FIG. 1 schematically illustrates a semiconductor structure 10 which is a part of a wafer at the initial stage of the PS fabrication process. Structure 10 basically comprises a silicon substrate 11 with the gate conductor stack 12 formed thereon. The latter consists of a bottom 100 nm thick polysilicon layer 13, a 80 nm thick tungsten silicide layer 14, and a top 230 nm silicon nitride layer 15. Buried in the silicon substrate 11, is a conventional storage capacitor 16 usually referred to as a “deep trench” capacitor. A doped polysilicon fill 17 will act as a first electrode of the capacitor. The polysilicon fill 17 is isolated from silicon substrate 11 on a major portion of its lateral side by a classic NO (Nitride/Oxide) layer and a TEOS SiO2 collar layer respectively referenced 18 and 19. As apparent from FIG. 1, a recess filled with TEOS SiO2 material forms isolation region 20 to terminate the lateral isolation of the capacitor. Region 20 further provides a cap at the polysilicon fill 17 top surface that is referenced 20′. An opening 21 has been made in the gate conductor stack 12. The lateral walls of this opening are coated with a 100 nm thick silicon nitride layer to form spacer 22. A very thin (a few nm) oxi-nitride barrier liner 23 has been blanket deposited onto the structure.
 Now, the structure 10 is coated with a 400 nm thick boro-phospho-silicate glass (BPSG) layer 24 as shown in FIG. 2.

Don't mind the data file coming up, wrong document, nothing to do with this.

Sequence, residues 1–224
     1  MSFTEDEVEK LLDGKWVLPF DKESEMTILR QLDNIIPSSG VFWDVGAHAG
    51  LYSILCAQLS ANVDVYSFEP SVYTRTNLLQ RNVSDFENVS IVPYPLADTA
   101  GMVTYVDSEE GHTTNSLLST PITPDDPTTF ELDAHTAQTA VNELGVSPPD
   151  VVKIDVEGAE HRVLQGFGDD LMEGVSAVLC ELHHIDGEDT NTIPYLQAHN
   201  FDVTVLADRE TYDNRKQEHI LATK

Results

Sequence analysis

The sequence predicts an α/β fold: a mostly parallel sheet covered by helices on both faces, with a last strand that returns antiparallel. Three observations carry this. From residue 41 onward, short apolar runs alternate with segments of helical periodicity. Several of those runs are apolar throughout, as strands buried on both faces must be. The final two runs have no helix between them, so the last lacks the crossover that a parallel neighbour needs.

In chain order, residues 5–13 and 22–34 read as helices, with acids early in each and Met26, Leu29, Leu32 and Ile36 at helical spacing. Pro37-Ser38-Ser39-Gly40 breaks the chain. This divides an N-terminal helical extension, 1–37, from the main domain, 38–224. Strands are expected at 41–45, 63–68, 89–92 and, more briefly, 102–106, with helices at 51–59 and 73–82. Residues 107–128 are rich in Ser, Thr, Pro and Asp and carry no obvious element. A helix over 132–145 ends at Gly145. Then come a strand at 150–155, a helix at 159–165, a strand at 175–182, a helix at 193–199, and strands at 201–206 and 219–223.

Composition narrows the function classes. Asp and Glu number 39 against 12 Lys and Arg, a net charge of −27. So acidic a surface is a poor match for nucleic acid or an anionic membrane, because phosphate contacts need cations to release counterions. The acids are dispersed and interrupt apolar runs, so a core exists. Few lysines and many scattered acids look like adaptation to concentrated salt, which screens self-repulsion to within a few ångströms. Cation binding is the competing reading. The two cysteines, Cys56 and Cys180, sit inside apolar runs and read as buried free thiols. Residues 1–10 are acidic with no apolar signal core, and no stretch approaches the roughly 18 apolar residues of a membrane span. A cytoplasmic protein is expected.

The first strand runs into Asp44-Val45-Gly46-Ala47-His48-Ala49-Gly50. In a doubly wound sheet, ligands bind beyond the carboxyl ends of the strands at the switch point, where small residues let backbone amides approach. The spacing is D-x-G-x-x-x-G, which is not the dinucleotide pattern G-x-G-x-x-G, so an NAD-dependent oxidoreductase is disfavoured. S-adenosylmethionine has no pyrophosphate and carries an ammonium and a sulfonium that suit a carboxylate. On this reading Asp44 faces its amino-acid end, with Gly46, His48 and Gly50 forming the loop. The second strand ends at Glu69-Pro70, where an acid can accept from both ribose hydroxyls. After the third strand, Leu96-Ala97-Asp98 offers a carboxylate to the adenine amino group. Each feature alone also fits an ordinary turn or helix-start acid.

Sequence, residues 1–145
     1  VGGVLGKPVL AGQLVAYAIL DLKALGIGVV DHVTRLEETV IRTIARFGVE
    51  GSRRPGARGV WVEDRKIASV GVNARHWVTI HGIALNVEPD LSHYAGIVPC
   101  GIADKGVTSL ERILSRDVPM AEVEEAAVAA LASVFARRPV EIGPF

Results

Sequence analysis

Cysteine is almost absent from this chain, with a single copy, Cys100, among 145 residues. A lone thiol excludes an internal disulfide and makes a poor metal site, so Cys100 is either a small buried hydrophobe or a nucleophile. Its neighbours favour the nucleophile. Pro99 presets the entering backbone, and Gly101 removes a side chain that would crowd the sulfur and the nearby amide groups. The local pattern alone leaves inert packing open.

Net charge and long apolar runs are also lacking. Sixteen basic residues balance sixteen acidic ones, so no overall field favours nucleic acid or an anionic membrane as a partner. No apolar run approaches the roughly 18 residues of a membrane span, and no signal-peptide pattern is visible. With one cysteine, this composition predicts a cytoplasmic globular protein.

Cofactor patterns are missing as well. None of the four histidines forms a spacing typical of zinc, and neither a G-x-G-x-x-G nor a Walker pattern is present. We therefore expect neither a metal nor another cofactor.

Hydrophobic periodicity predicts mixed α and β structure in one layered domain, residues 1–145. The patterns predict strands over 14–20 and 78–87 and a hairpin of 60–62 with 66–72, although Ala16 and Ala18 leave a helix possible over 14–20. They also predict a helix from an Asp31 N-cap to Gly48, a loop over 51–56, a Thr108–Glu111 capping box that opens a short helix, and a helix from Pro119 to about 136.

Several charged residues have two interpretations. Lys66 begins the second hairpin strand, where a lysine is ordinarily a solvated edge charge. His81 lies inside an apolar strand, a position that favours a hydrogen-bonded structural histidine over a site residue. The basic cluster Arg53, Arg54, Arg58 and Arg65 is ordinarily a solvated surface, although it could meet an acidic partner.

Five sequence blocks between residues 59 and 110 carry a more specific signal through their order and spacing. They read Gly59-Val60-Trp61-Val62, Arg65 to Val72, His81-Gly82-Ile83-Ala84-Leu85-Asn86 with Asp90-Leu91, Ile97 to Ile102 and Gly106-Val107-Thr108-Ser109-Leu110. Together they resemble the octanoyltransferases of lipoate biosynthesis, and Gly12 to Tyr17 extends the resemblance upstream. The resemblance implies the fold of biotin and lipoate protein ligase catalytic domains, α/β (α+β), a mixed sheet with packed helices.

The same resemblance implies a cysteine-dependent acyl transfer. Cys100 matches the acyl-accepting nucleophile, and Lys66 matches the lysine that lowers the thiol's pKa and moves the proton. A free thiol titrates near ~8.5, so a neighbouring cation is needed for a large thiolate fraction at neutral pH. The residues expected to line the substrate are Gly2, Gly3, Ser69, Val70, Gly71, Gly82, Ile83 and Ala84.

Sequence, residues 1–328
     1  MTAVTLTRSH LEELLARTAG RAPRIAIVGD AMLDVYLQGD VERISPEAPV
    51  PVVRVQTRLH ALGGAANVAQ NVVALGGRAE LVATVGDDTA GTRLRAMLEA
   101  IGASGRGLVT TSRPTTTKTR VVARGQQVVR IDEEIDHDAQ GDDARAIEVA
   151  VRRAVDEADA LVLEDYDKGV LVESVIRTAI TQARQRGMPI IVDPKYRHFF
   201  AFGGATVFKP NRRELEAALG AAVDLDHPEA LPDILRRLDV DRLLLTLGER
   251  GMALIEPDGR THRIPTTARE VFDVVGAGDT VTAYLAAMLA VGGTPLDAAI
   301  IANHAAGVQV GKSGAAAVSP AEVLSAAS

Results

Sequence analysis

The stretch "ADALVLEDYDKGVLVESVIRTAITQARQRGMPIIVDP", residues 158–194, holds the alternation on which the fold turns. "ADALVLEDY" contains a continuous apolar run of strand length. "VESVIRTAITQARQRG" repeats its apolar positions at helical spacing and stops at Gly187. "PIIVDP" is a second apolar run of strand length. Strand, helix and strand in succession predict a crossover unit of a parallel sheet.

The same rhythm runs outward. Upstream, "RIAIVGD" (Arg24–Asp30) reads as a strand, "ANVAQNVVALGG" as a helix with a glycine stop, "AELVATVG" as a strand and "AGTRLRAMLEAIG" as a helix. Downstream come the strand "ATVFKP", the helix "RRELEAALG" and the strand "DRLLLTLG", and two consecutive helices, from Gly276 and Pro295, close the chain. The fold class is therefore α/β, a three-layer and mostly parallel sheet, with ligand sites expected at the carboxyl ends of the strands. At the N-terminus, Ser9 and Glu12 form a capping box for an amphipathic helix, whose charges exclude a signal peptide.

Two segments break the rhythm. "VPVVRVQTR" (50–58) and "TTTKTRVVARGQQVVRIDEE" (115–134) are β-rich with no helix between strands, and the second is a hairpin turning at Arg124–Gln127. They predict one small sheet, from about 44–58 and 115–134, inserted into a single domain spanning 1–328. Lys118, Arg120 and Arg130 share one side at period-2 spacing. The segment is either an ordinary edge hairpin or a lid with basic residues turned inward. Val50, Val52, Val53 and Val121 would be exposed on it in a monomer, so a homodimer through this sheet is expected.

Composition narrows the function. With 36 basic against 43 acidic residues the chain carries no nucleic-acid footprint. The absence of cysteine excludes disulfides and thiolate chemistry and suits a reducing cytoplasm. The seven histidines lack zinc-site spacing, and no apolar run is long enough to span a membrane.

Then, referring to FIG. 3, the structure is coated with a photosensitive material. An adequate material is the photoresist labelled THNR IP 3650 TOK, manufactured and sold by TOKYO OHKA KOGIO Ltd, Tokyo, Japan. A thickness of about 850 nm is adequate. After deposition, the photoresist layer 25 is baked, exposed and developed as standard to leave the patterned layer or mask referenced 25. The purpose of this mask 25 is to define the locations of the straps at the surface of the silicon substrate 11 in opening 21.
 Next, after the SS mask 25 has been defined, the process continues with an etch step to expose the top surface of the polysilicon fill 17. The wafer is placed in a TEL 85 SDRM, a RIE etcher manufactured by TOKYO ELECTRON Lted, Tokyo, Japan, with a C4F8/CO/Ar chemistry. It is a very aggressive etching mixture which strongly attacks the BPSG layer 24. During this step, the oxi-nitride liner 23 and the TEOS SiO2 cap portion 20′ are removed in opening 21. As a result of this etching step, an opening, referred to as the strap opening, referenced 26 in FIG. 4 is formed, which exposes a portion of the silicon substrate 11 and the polysilicon fill 17 top surface. At this stage of the PS fabrication process, an implant of phosphorous ions is performed. The areas of the silicon substrate 11 that are not protected are N-type doped, forming thereby the source and drain regions of the IGFET transistor, as illustrated by drain region 27 in FIG. 4.
 A 400 nm thick arsenic-doped polysilicon layer 28 is then conformally deposited by LPCVD onto the structure 10, as apparent in FIG. 5,
 Now, a polysilicon plug filling opening 26 is formed. To that end, structure 10 is placed in an AME 5000 mark II, a MERIE plasma etcher manufactured by Applied Materials Inc., Santa Clara, Calif., USA and etched with an appropriate SF6 chemistry according to a two-step process.
 The aim of the first sub-step is to uniformly remove the doped polysilicon material of layer 28 approximately down to the BPSG layer 24 top surface for a coarse planarization. To that end, SF6 gas is used because it etches the doped polysilicon much faster than the BPSG material (etch ratio is 8:1). The resulting structure is shown in FIG. 6, where the polysilicon plug filling opening 26 is referenced 28′.
 Process parameters for this first step reads as follows: